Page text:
Add intersections and unions to Set

Claude Pache claude.pache at
Mon Mar 4 15:00:43 PST 2013

Le 4 mars 2013 à 23:37, Claude Pache <claude.pache at> a écrit :

> The Set constructor accepts an iterable (including an Array and a Set) as an argument to populate the newly-constructed Set with several values. There should also be the possibility to add or remove multiple elements of an already-constructed Set. That covers unions and differences, but it is more generic. I would propose:
> * Set.prototype.addMultiple(iterable): adds several elements
> * Set.prototype.deleteMultiple(iterable): removes several elements
> * Set.prototype.restrict(iterable): removes the elements that are not enumerated by the iterable.

Better than 'restrict': a 'filter' method (as proposed by Tab Atkins Jr. below) similar to the one we have on Arrays. For the intersection of two Sets, we can write:

    mySet1.filter(x => mySet2.has(x))

This pattern has the advantage to be readily applicable to Maps and other collections with a clear semantic.


> (Naturally, the two first functions are also valuable for Maps.) For example, in order to obtain the difference of mySet1 and mySet2 as a new Set, you could write:
>    (new Set(mySet1)).deleteMultiple(mySet2) // copies the elements of mySet1 in a new Set, then removes the elements of mySet2.
> Another potentially useful generalisation is to accept multiple iterables instead of one. For example:
> * new Set(iterable, iterable, ...)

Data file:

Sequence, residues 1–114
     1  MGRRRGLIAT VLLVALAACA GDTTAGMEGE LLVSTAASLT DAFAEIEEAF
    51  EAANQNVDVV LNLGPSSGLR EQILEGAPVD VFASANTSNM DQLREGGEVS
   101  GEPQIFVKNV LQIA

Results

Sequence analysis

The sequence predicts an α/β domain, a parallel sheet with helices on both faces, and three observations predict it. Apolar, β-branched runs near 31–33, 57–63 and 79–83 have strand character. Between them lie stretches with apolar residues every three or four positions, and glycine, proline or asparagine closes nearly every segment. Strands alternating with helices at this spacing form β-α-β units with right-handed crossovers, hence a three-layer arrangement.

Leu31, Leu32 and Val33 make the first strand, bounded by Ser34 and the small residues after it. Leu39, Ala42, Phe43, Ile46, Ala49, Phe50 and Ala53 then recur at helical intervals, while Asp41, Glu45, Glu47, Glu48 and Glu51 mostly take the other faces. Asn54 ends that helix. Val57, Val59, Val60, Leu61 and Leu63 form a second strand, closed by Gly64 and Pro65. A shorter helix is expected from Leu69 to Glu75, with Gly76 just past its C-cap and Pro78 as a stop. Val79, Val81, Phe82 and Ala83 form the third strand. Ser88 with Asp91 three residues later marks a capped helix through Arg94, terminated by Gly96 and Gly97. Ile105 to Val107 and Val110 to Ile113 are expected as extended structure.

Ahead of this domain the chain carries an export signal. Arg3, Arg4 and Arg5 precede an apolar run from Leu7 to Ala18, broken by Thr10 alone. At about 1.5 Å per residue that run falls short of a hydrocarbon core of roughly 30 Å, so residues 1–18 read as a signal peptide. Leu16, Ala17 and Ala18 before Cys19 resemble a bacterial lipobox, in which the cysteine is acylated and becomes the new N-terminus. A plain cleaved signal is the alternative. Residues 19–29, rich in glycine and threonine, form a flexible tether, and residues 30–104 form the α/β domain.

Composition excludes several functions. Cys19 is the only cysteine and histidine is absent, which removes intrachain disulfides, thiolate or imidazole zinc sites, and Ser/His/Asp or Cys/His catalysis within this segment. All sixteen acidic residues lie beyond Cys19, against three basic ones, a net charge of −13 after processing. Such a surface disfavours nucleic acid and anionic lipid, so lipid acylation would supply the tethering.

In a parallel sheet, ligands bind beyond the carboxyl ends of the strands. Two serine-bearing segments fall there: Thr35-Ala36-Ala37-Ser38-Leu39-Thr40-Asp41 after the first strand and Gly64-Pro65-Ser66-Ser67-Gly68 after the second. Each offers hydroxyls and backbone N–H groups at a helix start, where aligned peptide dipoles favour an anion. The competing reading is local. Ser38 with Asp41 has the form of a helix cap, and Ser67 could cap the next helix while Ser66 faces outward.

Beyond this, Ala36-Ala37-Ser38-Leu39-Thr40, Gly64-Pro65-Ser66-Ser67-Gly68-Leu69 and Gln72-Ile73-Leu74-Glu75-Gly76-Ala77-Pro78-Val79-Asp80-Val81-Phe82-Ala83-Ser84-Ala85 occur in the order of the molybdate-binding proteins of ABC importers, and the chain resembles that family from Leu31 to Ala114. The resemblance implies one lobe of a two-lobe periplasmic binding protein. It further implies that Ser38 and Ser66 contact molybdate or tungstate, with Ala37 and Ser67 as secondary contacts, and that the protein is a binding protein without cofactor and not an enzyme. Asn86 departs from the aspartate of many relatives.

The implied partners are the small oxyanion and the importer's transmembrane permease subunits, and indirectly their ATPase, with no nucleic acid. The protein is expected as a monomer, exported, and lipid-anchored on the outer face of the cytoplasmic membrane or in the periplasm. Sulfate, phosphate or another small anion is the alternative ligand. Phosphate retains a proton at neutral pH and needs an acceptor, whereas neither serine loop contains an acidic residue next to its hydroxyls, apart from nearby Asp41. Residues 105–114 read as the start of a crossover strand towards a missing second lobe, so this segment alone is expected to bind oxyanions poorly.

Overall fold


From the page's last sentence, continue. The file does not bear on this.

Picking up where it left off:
> (ditto for the 'addMultiple', 'deleteMultiple' and 'restrict' methods), so that we could write
>    new Set(mySet1, mySet2, mySet3)
> in order to create a new Set which is the union of mySet1, mySet2, and mySet3.
> —Claude
> Le 4 mars 2013 à 19:56, "Tab Atkins Jr." <jackalmage at> a écrit :
>> On Mon, Mar 4, 2013 at 10:08 AM,  <aleth at> wrote:
>>> It would be useful to be able to form the intersection and the union of
>>> two Sets. These are natural operations that are currently not part of
>>> the API
>>> (
>>> Similar methods would make sense for Map, but one would have to think
>>> about what to do in the case where the key but not the value matches.
>>> An intersection is equivalent to a particular filter, so an alternative
>>> might be to add a method like Array.filter to Sets instead.
>>> (I filed bug 847355 for this and was told this mailing list was the
>>> right place for this suggestion.)
>> Yes please, and also minus (remove from set A all elements it shares
>> with set B).  All three of these are fairly vital for a lot of code
>> using sets.
>> ~TJ
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